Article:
There are other built-in constructors that behave just like this, for example, the Array constructor called as a function:

Array(1,2,3);     // [1,2,3]
new Array(1,2,3); // [1,2,3]

Other constructors like the ones that create primitive value wrappers (Boolean, String, Number and Date) behave differently.

The first three if you use call them without the new operator, they just perform type conversion, for example:

typeof Number("20"); // "number"
typeof String(0xFF); // "string"
typeof String({toString: function () { return 'foo' }}); // "string"
typeof Boolean(""); // "boolean"
typeof Boolean(0); // "boolean"

While if you use them with the new operator, they will return wrapper objects:

typeof new Number(20); // "object"
typeof new String('foo'); // "object"
typeof new Boolean(true); // "object"

This kind of objects are called primitive wrappers, they have an internal property named [[PrimitiveValue]] where they store their underlying value (more on Objects vs Primitives).

Objects created with the Date constructor are also primitive wrappers their underlying value is a numeric representation of the time value.

The semantics of the Date constructor are also fully described, if it's called as a function, it will return a "string representing the current time (UTC)".

share|improve this answer

You can tell from the constructor whether you've been called with new or not - if new, this instanceof MyClass; if not new, this === window (provided it's a top-level object - as gnarf points out, for Namespace.MyClass(), this == Namespace).

It's quite possible (some people like it more than others) to then put at the top of the constructor if (this instanceof MyClass) return new MyClass(); (taking into account arguments, naturally); then the constructor can be called with or without new with the same result.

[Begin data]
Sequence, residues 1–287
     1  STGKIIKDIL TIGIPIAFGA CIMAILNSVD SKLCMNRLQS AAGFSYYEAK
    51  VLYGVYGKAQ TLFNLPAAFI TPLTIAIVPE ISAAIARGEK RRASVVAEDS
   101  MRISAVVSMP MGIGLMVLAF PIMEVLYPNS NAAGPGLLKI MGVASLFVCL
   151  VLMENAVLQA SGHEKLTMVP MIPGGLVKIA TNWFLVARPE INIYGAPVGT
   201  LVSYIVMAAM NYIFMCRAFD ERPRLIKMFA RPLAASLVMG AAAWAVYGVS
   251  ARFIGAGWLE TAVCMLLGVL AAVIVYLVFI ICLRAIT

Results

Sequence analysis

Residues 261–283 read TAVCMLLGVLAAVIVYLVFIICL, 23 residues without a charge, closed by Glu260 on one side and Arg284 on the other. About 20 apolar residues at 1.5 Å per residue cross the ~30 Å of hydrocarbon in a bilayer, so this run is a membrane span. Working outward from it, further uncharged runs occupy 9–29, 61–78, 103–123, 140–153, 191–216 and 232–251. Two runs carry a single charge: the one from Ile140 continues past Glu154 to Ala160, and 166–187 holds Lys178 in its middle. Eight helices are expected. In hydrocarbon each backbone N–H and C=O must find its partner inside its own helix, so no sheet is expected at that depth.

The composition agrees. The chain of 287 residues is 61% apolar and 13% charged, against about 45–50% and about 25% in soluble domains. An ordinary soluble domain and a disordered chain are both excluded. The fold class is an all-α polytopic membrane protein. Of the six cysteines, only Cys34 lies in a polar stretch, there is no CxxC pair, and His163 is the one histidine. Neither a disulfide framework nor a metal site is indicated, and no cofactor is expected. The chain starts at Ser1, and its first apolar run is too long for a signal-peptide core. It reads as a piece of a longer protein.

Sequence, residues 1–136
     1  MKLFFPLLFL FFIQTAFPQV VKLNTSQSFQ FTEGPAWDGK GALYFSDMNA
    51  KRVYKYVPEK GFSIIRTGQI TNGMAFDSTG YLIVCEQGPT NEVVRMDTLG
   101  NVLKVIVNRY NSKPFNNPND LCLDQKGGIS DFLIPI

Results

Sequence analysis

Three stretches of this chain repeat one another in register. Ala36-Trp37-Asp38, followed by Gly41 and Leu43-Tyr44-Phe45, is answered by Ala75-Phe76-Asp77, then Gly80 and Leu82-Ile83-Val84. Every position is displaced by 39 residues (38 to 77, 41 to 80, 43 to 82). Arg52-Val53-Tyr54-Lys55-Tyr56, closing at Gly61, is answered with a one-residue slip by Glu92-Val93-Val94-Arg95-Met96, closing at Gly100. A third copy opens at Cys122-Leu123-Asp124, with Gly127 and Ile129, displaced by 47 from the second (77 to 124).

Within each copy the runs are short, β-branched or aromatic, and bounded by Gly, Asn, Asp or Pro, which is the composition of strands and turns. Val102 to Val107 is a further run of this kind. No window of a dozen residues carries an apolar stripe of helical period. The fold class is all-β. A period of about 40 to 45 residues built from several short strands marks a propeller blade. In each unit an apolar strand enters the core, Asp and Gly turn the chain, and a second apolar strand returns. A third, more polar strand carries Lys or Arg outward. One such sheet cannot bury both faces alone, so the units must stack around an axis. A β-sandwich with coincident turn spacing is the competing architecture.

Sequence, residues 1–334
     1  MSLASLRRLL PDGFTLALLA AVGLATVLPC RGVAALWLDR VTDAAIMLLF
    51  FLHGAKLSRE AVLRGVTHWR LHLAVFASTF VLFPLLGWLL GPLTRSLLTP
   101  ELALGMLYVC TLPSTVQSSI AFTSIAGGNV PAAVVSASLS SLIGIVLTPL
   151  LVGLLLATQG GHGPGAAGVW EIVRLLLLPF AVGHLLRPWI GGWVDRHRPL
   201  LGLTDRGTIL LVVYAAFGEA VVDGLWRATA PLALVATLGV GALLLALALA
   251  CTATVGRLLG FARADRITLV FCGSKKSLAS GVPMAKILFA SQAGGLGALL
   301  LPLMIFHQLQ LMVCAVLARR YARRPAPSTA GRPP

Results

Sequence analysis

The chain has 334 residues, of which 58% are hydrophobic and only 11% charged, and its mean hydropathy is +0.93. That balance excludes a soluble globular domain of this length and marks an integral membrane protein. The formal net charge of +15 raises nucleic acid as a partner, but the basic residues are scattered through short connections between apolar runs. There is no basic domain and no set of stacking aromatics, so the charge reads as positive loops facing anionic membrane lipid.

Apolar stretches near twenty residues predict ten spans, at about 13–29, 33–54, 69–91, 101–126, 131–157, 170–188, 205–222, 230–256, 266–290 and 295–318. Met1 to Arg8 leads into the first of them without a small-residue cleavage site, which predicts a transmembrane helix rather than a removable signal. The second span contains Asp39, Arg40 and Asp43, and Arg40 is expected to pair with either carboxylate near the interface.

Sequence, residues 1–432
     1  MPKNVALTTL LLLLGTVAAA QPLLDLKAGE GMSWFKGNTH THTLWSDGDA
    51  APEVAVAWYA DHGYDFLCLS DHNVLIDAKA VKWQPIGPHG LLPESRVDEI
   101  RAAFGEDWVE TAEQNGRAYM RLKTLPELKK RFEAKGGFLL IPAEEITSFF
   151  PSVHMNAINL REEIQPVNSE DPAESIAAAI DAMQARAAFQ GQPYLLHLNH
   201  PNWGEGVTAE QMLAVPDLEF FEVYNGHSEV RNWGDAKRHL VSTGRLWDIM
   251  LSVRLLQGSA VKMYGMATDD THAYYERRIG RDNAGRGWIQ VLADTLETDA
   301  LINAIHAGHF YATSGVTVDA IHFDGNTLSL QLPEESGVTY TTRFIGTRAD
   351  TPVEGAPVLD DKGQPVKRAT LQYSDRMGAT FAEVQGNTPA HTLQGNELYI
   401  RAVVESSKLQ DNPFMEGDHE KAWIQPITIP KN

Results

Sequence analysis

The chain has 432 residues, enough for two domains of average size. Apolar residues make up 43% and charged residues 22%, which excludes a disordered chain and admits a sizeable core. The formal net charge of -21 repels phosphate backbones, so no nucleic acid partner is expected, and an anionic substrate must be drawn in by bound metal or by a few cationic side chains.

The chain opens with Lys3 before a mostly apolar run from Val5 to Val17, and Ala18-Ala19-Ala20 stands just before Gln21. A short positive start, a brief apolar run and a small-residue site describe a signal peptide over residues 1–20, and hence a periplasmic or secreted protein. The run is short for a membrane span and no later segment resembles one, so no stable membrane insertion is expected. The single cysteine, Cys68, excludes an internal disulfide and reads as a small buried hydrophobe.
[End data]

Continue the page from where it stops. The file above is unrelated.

One question discussing this is Is JavaScript 's “new” Keyword Considered Harmful?. There are others, too.

share|improve this answer
well, this === window wouldn't be true if it was Namespace.MyClass() now would it? – gnarf Nov 19 '10 at 1:06
@gnarf: Good point. – Chris Morgan Nov 19 '10 at 1:18

You can "return" from a ctor in JavaScript to return a different value -- some built-in functions (e.g. Date) work like this (as does Function, but it works differently than Date :-). I'm not sure where it's documented -- in ECMA 262, see other answers.

Here is a contrived example showing how one could create a ctor that works like 'Function' (in FF):

function X() {
  // but this has issues with nesting in some cases
  if (!(this instanceof X)) {
    return new X()
  } else {
    this.y = 2
X().y // => 2

However, I do not know how this is defined by the ECMA specification... anyway, the results returned are entirely depending upon the function being invoked/new'ed. -- See ECMA 262 again.

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This is because Function() returns a function, and new Function() constructs a function hence you get the same output.

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Not sure what your question is... What I can tell you is that the basic objects have code in them to allow you to call it with new and without new, but they behave a little differently.

typeof Number(5) == "number"
typeof new Number(5) == "object"

typeof Boolean(0) == "boolean"
typeof new Boolean(0) == "object"

Calling new on the basic types returns the primitives wrapped as objects.

I've written a blog about creating constructors that work with or without the new operator I don't use it, but it's interesting stuff. It'll give you insight on how you can change the behavior of the function based on whether it's called with new or not....

Even after this ranting, I'm still not sure what your question is...